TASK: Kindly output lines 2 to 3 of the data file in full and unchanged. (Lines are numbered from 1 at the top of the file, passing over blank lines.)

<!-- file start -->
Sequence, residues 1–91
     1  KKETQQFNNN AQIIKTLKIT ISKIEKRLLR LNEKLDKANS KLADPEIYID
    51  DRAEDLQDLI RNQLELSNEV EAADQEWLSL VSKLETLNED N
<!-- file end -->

     1  KKETQQFNNN AQIIKTLKIT ISKIEKRLLR LNEKLDKANS KLADPEIYID
    51  DRAEDLQDLI RNQLELSNEV EAADQEWLSL VSKLETLNED N